Reversed and remanded.

Bird, J., agrees.

Neal, J., concurs. Olly Neal, Judge, concurring. I agree that this case should be reversed and remanded; however, I write separately to point out that when the minor driving the scooter was free to leave, the purpose of the stop had ended and Officer Bailey had no specific or particularized reason for the continued detention of appellant. Officer Bailey testified that he stopped the scooter on which appellant was a passenger because the driver, a juvenile, was not wearing a helmet and should not have had a passenger. Pursuant to Ark. Code Ann. § 27-20-104(b)(1)(2) (Repl. 2004), "All passengers and operators of motorcycles and motor-driven cycles used upon the public streets and highways of this state shall be equipped with the following equipment under standards set forth by the Office of Motor Vehicle: (1) Protective headgear unless the person is twenty-one (21) years of age or older; and (2) Protective glasses, goggles, or transparent face shields." It is also unlawful for any person in the State of Arkansas under sixteen (16) years of age to carry another person as a passenger upon a motor-driven cycle. See Ark. Code Ann. § 27-20-110 (Repl. 2004).

Moreover, as part of a valid traffic stop, a police officer may detain a traffic offender while the officer completes certain routine tasks; however, after those routine checks are completed, unless the officer has a reasonably articulable suspicion for believing that criminal activity is afoot, continued detention of the driver can become unreasonable. Simsv. State, 356 Ark. 507, 157 S.W.3d 530 (2004). Under our criminal rules, once the legitimate purpose of a valid traffic stop is completed, a police officer must have a reasonable suspicion that the person is committing, has committed, or is about to commit a felony or a misdemeanor involving danger to persons or property, in order to continue to detain that person. See Ark. R. Crim. P. 3.1; Lilley v. State, ___ Ark. ___, ___ S.W.3d ___ (May 26, 2005).

A person has been seized within the meaning of the Fourth Amendment only if, in view of all of the circumstances surrounding the incident, a reasonable person would have believed he was not free to leave. See Jefferson v. State, 349 Ark. 236, 76 S.W.3d 850 (2002); Lilley, supra. Under Rule 3.1, in order to further detain him and ask him questions, the officer is required to have reasonable suspicion. Whether there is reasonable suspicion depends on whether, under the totality of the circumstances, the police have specific, particularized, and articulable reasons indicating that the person may be involved in criminal activity. Laime v. State, 347 Ark. 142, 155, 60 S.W.3d 464, 473 (2001) (quoting Smith v. State, 343 Ark. 552, 570, 39 S.W.3d 739, 750 (2001)).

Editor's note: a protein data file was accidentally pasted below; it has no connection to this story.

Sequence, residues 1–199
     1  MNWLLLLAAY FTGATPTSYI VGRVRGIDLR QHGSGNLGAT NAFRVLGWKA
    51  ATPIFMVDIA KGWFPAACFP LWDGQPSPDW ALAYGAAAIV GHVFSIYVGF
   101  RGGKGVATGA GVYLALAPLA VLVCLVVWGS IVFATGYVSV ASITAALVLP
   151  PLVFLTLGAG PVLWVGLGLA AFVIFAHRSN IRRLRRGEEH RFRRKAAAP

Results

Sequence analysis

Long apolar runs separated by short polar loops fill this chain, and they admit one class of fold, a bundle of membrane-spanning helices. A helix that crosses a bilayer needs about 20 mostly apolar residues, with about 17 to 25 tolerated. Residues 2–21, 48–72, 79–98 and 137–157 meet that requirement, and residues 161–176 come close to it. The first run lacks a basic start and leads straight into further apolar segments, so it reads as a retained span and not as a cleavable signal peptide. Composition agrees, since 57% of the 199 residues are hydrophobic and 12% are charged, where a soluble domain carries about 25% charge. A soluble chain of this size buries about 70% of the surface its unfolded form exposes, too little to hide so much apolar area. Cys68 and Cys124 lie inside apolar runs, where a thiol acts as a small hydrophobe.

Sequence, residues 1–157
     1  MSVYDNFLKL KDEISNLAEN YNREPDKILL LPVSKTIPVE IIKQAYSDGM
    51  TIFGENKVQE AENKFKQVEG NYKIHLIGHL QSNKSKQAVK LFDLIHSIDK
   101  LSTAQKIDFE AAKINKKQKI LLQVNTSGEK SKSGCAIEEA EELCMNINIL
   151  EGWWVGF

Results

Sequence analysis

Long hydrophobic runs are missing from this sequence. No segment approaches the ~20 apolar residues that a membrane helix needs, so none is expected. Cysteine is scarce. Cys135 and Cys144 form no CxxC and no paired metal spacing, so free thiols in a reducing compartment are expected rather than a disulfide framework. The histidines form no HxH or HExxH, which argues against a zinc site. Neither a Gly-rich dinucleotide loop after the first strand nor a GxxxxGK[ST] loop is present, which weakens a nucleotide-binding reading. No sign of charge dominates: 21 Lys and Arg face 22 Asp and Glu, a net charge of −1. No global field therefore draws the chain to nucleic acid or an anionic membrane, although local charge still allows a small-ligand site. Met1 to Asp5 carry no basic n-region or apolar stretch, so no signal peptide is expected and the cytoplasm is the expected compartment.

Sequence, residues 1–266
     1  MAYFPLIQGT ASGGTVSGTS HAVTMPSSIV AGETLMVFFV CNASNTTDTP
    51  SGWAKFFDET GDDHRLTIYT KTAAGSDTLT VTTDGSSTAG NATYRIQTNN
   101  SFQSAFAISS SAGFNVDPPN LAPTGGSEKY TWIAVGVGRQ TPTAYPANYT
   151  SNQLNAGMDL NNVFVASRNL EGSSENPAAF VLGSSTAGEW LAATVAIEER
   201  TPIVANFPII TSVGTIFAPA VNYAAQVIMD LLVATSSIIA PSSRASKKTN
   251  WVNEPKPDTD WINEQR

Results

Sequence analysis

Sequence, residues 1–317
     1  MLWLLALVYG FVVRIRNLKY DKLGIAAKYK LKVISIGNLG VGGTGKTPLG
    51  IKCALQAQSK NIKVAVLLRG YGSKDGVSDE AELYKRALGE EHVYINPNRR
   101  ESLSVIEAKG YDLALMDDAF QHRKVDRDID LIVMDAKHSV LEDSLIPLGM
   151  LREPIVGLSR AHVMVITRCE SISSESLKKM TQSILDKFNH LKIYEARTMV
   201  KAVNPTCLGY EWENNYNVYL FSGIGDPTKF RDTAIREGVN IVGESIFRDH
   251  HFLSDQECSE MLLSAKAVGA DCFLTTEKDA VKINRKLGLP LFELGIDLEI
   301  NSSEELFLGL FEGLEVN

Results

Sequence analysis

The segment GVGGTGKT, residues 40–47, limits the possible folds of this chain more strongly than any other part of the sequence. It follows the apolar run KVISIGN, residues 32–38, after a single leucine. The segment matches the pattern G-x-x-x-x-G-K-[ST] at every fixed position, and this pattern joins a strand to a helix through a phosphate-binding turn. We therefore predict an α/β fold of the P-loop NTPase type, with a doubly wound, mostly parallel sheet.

Officer Bailey testified that he told the juvenile what he did wrong and sent him on his way. He testified that:

As soon as I told the juvenile he was free to go, I turned and talked to Mr. Rice and asked him if he would consent to a pat down for weapons. ... His demeanor was very uncharacteristic from my prior dealings. He was very nervous and jittery and overlyhelpful, which is very uncharacteristic from dealings I've had with him in the past. ...

Here, the purpose of the stop had ended, but the officer continued to detain appellant because of his friendly behavior. The officer articulated no specific or particularized reason for the further detention of appellant that was based on reasonable suspicion that appellant was involved in criminal activity. Therefore, once Officer Bailey told the juvenile he was free to leave, appellant should have been free to leave also, absent any specific particularized reasons of reasonable suspicion of criminal activity. Here, Bailey offered no suspicion of criminal activity afoot but only that appellant was known to have carried weapons on his person and that his demeanor was uncharacteristic.

Based on the foregoing reason, I respectfully concur in the reversal of this case.

1 Here Officer Bailey asserted that he searched appellant's person for weapons as a safety precaution and testified that he asked appellant "if he minded if I pat him down for weapons and he said, `No.'" Under these circumstances, the scope of the consent would be limited to a pat-down search for weapons. See Howe v. State, 72 Ark. App. 466, 39 S.W.3d 467 (2001).